Yes, the dish above looks like a plate of, say, old-school adobo with what appears to be standard-issue Java rice. Truth be told, however, this particular lunch combo was plenty incendiary.
This is Cantina Deliciosa‘s version of chile verde, fatty pork stewed in a mixture of green chilies and tangy tomatillos till fork-tender and totally infused with fresh flavors and a palpable hit of fiery heat.
A common enough dish both north and south of the Mexican border, chile verde is something like an alternative for chile-heads (people addicted to classic, robustly red chile con carne) who want something lighter but still packing in serious heat. Wikipedia describes it as:
…is a moderately to extremely spicy Mexican and Mexican-American stew or sauce usually made from chunks of pork that have been slow-cooked in chicken broth, garlic, tomatillos, and roasted green chilis. Tomatoes are rarely used. The spiciness of the chili is adjusted with poblano, jalapeño, serrano, and occasionally habanero peppers.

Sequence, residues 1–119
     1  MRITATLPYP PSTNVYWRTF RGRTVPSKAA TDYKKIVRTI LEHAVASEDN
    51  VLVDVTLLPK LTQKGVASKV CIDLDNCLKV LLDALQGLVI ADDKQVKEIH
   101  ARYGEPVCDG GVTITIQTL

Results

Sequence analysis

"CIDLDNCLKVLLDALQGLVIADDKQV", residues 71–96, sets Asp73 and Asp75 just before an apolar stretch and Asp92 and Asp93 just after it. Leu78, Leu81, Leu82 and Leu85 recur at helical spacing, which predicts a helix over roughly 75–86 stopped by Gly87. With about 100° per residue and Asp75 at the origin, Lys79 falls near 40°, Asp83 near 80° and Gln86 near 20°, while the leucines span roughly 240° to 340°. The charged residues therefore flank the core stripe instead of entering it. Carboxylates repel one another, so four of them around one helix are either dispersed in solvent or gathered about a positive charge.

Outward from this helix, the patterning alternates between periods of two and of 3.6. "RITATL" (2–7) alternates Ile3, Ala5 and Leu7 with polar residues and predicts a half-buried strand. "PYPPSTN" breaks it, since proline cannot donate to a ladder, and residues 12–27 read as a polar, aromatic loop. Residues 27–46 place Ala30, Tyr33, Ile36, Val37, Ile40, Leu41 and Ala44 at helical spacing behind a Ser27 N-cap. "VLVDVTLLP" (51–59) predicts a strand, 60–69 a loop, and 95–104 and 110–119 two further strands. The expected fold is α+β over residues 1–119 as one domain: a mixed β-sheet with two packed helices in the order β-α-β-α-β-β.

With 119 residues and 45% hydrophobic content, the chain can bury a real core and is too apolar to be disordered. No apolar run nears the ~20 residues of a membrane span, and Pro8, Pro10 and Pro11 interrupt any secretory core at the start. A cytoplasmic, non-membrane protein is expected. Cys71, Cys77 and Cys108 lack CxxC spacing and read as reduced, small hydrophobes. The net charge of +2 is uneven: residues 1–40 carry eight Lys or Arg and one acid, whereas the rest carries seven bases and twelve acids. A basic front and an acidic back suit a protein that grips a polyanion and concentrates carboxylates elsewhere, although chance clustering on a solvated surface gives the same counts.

The Cantina version certainly runs true to form. The cut of meat used is fatty pork leg. Now, pork leg can be tough and greasy if cooked improperly – as, alas, many Filipino cooks are guilty of doing (certainly not at my house, thank goodness!) – but this version has been either slow-cooked for hours on end or perfectly pressure-cooked so that it soaks up some of the broth it was cooked in. It, thus, becomes succulent and spicy, practically falls apart when prodded with a fork, as a matter of fact. As shown above, the meat also gets a fairly good splash of broth when served – and it is, indeed, good stuff: it is deliciously tangy with the fresh, green taste of proper tomatillos, the zip of jalapeno, and the rather grassy hint of cilantro that brings out the sweetness of both of the first two ingredients. It is, to be frank, both sharp and smooth, fiery yet soothing all at the same time.
Paired with the Mexican rice, it plays out very well: the mildly-sweet and savory taste of the pork working well with the cumin-and-tomato broth in which the rice was cooked. All the aromatics play out beautifully: the sweetness of the onions, the musky hit of garlic, the floral cilantro, and the dusky overlay of cumin all help bring the dish into a harmonious, balanced whole.
Given how I currently have a cold, I seriously doubted if I could appreciate the flavors of this dish, but I am pleased to report that it cleared me up nicely so I was able to appreciate this hot and homey bit of Mexican cooking.